The long-beaked echidna is one of just a few types of living mammals that lay eggs. (The others are the short-beaked echidna and the platypus.) Scientists thought that long-beaked echidnas, which include three surviving species, remained only in New Guinea. While these animals were known to inhabit Australia once, people assumed they were long gone.
But a neglected museum specimen may suggest otherwise, according to a new study in ZooKeys. A naturalist named John Tunney collected the specimen in Australia’s West Kimberley region in 1901. He didn’t write down the animal’s name, which “may indicate that Tunney was uncertain exactly what species he had before him,” the authors write.
A taxonomist later labelled the critter as a long-beaked echidna but never published the identification in a scientific paper. The authors of the present study concluded that the specimen was a Western long-beaked echidna, Zaglossus bruijnii — suggesting that these animals lived in Australia into the 1900s.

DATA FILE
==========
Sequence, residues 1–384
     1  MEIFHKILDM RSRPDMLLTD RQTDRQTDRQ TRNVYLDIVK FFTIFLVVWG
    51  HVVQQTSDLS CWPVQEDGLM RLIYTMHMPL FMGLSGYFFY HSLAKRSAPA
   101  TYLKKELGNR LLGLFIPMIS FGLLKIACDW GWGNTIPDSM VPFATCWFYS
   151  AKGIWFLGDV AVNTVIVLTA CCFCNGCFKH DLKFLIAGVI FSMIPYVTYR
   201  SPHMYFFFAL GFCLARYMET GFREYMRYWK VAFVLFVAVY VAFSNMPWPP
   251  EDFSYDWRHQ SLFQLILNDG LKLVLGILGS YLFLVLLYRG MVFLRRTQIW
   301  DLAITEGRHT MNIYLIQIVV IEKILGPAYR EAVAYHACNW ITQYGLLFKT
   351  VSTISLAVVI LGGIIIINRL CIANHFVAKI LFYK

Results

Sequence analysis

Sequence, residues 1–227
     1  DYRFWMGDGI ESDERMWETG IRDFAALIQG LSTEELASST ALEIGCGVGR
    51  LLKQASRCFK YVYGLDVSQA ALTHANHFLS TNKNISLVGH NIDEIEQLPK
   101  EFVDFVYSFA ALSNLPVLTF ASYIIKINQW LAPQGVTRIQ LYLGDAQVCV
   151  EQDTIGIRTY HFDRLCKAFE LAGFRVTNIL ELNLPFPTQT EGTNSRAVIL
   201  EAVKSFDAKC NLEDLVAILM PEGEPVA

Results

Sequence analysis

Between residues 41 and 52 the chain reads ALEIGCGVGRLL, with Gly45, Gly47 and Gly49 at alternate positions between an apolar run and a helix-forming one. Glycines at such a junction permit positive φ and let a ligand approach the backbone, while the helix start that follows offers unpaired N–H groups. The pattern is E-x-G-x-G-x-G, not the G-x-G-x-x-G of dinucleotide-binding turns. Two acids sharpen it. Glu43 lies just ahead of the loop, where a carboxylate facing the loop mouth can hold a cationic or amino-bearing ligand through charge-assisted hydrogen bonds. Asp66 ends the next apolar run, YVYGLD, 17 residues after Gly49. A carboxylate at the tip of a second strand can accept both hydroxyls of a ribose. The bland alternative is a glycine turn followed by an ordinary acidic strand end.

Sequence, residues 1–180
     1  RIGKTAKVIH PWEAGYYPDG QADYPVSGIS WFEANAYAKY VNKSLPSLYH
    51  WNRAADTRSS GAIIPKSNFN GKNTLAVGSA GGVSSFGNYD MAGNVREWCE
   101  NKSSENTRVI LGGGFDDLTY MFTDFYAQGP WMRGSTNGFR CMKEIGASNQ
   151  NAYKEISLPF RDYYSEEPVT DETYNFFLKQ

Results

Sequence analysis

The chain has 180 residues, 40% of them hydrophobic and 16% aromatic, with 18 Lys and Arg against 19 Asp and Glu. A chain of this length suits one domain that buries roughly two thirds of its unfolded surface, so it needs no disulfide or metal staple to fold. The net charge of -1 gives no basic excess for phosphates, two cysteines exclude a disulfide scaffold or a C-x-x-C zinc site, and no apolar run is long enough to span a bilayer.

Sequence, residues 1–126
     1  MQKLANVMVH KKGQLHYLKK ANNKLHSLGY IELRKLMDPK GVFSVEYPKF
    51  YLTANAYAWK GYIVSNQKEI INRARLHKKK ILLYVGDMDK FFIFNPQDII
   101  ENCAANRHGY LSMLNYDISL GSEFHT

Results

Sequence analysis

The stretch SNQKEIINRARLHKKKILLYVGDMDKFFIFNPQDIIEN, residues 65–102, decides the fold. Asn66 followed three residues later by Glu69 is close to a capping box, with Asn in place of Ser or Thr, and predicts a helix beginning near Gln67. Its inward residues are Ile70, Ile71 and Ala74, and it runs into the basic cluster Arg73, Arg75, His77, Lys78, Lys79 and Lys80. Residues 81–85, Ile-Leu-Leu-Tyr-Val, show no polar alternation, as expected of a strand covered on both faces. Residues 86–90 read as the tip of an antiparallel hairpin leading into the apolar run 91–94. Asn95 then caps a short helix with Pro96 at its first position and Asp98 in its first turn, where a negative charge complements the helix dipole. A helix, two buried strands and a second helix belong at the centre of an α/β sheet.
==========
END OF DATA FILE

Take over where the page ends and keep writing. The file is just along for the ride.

“We hold out a small optimism that Long-beaked echidnas might yet dig burrows and hunt invertebrates in at least one hidden corner of Australia’s north-west,” the team writes. The idea isn’t completely far-fetched: One of the researchers spoke to an Aboriginal woman who seemed to remember a similar creature. — Roberta Kwok | 3 January 2013
Source: Helgen, K.M. et al. 2012. Twentieth century occurrence of the Long-Beaked Echidna Zaglossus bruijnii in the Kimberley region of Australia. ZooKeys doi: 10.3897/zookeys.255.3774.
Image © Tim Laman
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